David Eagleman 2015. The Brain. The story of you. Edinburgh: Cannongate. 220 pp.

This book about the brain and what we know about how it works was written by the brain of David Eagleman. How far is it possible to get with a method like this? Neither Eagleman, nor anybody else in neuroscience or AI seems to address this question. Would we expect a dog to be able to be able to understand how the dog works? A blue whale? A bee? An orangutan? What makes us think we can pull it off?

Hopefully by writing this out my brain will remember a bit about what it learned about how brains (including itself) remember stuff, including stuff about other brains. Or at least what it thinks it learned.

Nevertheless, even though there isn’t anything original in this book, David Eagleman never pretends otherwise and it is most interesting and well put-together, more so than the documentary series written in parallel with the book. (Mind you, that is just my brain saying so. Would it know?)

The early chapters focus on learning about the brain through pathologies:

  • Social interaction is vital to brain development: hellish social oppressions prove this, as does the incredible fact that synapses are formed in infants at the astronomical rate of two million per second (where this assertion comes from is unsaid). The number of synapses peaks at about age two and are reduced to the “useful” ones as we age.
  • A small tumour in the wrong spot can turn a normal person to murder (perhaps smaller, as yet undetected physical defects are responsible for other social pathologies, turning normal people into politicians, for example? Or taxonomists?).
  • Memories are fallible: the brain will construct false memories to provide a convincing back-plot to a fictional story that someone has been convinced really happened (and, this even works on a researcher studying the very same phenomenon).
  • Brain excercise protects somewhat against degenerative conditions such as Alzheimer’s Disease (this one widely reported in recent years).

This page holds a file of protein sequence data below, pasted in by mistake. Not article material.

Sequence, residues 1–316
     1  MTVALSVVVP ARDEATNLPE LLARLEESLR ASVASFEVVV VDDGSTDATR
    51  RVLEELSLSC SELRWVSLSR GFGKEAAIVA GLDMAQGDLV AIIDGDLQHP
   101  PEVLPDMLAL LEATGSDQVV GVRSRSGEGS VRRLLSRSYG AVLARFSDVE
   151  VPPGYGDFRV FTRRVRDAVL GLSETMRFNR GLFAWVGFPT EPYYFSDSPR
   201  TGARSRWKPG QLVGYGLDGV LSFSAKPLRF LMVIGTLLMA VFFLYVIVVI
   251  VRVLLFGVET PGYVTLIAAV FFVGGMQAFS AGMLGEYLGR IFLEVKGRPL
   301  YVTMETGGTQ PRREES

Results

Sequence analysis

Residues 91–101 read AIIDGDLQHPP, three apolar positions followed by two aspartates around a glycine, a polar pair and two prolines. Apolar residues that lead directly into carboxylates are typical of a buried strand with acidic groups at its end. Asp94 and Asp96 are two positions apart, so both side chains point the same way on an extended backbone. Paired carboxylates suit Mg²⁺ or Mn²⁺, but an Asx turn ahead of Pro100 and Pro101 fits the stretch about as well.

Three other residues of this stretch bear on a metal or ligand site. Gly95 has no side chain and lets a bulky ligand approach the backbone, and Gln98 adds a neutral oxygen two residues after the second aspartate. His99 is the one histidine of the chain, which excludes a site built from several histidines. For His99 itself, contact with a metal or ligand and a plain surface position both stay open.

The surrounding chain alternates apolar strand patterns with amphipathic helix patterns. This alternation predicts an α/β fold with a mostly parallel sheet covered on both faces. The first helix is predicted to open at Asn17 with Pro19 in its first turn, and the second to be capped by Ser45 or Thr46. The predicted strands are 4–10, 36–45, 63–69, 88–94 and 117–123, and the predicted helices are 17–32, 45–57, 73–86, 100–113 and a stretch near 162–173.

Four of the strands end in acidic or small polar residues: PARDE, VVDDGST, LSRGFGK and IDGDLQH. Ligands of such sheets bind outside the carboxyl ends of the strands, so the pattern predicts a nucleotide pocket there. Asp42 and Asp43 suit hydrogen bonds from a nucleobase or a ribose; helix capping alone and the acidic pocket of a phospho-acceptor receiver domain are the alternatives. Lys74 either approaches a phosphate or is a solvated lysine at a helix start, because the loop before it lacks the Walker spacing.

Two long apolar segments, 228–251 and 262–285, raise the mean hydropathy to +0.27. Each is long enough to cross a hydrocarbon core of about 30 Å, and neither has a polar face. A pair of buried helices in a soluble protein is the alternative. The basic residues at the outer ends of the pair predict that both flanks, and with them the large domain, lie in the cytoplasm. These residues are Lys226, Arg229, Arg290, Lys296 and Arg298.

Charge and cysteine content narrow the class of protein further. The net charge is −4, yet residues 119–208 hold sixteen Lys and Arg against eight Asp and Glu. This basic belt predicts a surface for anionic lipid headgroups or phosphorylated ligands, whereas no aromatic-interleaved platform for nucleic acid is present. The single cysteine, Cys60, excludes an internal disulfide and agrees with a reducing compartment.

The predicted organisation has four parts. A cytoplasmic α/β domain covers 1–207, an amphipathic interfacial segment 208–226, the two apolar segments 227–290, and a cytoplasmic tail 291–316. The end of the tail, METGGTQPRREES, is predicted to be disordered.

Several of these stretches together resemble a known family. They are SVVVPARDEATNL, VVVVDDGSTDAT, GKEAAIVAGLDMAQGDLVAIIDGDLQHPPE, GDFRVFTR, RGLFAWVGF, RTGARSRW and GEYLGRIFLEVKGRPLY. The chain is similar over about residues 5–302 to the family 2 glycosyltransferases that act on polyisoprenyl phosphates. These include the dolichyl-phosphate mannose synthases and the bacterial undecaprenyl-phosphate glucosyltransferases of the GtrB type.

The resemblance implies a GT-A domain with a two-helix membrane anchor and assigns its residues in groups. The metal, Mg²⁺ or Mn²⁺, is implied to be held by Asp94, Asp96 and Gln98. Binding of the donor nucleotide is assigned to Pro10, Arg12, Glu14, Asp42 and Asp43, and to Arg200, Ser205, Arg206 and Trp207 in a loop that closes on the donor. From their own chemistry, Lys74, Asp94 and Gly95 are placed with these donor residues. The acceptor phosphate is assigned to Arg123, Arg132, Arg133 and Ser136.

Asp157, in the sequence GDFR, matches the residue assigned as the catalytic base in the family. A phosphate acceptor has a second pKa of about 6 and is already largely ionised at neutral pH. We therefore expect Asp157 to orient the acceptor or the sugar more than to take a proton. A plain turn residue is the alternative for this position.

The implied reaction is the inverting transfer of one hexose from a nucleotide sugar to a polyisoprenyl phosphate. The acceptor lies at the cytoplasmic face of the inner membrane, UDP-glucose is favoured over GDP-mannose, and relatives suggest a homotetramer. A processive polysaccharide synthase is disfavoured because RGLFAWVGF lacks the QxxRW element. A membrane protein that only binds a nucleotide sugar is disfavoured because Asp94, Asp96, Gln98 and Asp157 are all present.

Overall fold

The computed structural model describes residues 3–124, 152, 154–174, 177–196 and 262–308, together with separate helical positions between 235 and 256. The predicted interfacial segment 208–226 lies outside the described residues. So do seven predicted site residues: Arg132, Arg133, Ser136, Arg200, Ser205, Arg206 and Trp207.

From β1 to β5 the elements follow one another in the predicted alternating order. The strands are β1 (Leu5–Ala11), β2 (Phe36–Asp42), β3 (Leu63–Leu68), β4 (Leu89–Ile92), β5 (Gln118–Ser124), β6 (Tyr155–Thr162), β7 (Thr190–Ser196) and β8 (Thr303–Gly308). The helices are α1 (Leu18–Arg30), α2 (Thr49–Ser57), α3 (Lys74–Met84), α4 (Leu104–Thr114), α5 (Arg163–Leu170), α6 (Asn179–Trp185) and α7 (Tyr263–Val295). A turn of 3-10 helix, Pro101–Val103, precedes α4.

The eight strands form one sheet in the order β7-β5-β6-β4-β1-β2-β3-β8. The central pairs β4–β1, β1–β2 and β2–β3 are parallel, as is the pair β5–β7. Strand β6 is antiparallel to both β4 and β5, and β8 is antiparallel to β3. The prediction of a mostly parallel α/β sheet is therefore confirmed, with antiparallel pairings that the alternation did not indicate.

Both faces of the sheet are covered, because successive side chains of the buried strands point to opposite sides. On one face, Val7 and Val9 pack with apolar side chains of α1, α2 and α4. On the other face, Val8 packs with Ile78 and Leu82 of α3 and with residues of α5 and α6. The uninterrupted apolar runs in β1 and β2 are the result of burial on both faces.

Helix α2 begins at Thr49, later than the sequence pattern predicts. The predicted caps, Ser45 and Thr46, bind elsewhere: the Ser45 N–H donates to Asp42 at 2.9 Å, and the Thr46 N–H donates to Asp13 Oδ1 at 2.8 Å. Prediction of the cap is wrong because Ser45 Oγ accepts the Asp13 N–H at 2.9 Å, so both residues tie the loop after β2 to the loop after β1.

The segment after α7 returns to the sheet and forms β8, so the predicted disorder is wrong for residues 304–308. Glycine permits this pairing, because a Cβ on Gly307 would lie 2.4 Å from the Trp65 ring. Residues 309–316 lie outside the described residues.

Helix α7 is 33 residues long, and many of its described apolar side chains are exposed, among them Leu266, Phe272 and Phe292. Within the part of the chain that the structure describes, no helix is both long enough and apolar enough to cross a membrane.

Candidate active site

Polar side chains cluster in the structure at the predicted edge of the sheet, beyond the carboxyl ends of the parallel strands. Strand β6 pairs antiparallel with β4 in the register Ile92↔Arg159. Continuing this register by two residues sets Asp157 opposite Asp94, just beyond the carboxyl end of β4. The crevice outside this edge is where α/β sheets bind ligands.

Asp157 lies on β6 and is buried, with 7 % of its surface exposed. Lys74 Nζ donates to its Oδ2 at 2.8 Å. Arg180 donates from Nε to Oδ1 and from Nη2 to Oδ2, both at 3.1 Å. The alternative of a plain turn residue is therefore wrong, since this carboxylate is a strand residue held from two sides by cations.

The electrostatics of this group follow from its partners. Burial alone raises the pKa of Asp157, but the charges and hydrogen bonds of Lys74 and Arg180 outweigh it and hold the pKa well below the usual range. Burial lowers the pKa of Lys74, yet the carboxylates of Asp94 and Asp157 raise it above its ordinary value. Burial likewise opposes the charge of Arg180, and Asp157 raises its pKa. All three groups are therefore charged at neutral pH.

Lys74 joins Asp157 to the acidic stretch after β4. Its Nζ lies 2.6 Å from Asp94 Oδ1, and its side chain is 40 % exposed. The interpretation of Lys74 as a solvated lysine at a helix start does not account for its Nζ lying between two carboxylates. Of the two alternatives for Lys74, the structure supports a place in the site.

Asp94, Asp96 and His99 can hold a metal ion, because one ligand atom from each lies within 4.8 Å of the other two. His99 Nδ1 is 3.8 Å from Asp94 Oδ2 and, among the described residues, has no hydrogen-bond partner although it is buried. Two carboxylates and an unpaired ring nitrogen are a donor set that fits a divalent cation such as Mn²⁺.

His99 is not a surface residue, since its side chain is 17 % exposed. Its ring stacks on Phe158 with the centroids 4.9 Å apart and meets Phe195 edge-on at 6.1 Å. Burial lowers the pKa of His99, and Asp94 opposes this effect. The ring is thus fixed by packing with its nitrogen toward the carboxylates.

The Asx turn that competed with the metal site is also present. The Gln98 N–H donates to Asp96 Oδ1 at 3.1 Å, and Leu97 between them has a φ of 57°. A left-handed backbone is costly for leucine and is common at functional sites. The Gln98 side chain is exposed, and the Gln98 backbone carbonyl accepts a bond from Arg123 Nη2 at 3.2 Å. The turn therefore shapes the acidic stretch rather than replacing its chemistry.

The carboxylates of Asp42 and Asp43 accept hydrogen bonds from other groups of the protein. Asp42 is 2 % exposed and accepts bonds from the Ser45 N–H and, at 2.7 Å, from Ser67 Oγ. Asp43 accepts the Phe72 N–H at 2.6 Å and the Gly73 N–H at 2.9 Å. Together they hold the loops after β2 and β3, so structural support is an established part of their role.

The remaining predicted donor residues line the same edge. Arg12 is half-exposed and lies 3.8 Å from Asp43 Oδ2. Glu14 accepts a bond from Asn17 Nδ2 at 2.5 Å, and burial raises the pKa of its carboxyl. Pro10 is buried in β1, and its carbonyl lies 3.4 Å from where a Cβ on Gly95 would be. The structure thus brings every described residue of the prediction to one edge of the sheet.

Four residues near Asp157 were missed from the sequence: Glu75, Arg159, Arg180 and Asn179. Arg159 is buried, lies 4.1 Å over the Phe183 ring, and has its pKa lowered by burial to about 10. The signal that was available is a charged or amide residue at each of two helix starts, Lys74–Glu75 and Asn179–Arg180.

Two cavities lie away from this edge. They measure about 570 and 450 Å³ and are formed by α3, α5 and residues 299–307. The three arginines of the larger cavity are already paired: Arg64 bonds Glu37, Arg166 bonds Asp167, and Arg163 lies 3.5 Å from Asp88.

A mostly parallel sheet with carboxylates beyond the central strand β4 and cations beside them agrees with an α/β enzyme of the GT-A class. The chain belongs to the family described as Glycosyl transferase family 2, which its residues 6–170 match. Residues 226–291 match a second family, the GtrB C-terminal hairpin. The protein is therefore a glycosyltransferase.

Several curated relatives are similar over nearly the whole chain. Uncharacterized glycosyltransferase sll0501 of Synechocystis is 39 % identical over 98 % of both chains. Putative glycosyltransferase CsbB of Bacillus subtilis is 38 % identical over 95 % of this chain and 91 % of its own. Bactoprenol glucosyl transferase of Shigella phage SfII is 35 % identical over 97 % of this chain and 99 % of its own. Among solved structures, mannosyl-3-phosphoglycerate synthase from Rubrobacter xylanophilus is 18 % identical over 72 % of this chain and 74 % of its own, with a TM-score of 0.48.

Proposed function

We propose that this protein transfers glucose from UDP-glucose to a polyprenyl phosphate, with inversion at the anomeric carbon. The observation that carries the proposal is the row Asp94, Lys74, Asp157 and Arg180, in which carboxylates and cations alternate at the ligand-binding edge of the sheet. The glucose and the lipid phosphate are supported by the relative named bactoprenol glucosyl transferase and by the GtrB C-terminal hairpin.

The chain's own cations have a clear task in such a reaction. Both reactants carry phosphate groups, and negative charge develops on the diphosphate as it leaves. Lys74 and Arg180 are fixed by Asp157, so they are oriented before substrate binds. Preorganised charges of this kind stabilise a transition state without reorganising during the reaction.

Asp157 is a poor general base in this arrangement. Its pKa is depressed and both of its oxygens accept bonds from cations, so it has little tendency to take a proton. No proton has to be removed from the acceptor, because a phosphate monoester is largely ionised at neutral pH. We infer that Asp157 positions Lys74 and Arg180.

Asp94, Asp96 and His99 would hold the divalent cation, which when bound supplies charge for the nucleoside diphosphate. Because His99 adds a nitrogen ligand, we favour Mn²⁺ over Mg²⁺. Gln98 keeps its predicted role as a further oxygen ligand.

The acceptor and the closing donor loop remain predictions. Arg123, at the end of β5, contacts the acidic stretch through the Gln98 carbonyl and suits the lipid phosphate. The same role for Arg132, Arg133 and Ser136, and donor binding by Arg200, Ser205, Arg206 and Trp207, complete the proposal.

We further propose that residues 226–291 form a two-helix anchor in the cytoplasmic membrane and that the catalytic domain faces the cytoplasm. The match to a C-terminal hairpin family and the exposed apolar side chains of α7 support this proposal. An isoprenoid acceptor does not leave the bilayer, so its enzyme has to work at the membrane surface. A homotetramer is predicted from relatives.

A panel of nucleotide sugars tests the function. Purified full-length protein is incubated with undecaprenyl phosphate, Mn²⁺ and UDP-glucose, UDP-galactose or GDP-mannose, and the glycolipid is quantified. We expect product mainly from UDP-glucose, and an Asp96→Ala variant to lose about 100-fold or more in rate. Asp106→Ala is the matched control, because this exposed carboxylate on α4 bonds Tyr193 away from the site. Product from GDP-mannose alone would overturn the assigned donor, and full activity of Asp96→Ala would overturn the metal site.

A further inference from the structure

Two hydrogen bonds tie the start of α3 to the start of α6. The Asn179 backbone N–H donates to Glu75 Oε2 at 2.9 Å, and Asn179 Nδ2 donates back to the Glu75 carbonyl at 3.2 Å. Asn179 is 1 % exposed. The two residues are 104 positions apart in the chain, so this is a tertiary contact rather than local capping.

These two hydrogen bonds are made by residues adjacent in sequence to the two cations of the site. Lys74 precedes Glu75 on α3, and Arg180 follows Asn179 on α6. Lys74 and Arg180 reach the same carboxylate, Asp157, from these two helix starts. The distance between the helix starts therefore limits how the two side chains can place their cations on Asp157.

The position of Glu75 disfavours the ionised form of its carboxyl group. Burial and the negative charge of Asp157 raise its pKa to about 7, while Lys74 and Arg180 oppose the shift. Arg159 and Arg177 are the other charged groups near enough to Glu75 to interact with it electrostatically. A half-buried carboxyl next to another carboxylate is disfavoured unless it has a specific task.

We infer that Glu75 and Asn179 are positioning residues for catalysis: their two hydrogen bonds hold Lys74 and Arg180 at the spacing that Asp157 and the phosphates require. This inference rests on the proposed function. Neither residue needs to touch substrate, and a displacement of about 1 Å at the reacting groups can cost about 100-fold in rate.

• Experiments and repairs correcting blindness and other sensory deprivations by supplying alternative stimulation shows that the brain is highly plastic and can quickly learn about the environment regardless of the input. This answers René Descartes’ thought experiment “How do I know I am not a brain in a vat?”. You were, René. We all are. The vat is shaped like a body.
  • By extension, there is huge potential for extending senses as long as an input route to the brain can be established, and as long as the brain gets a chance to learn.

Other stuff well and truly taken on board include that:

  • “Reality” is a shaky concept. Likewise our perception of time.
  • Decisions often result from resolution of opposing “voices” within the mind. (Marvin Minsky made a convincing case for this many years ago, but I didn’t notice him getting the citations he deserves.)

The final chapter on consciousness (an emergent property of large scale processing?), AI, attempts at digital and corporeal immortality, the simulation argument, is all well-trodden ground. But David Eagleman writes about it very well. I think I want to read some of his original literature.

In the same theme but not yet read:

Crick, F., and Koch, C. 2003. A framework for consciousness. Nature Neuroscience 6, 119–126.

Koch, C. 2004. The Quest for Consciousness. Roberts & Company: Englewood, CO.

Pieraccini, R. 2012. The Voice in the Machine. MIT Press: Cambridge, Massachusetts.

Tononi, G. 2012. Phi: A Voyage from the Brain to the Soul. Pantheon Books.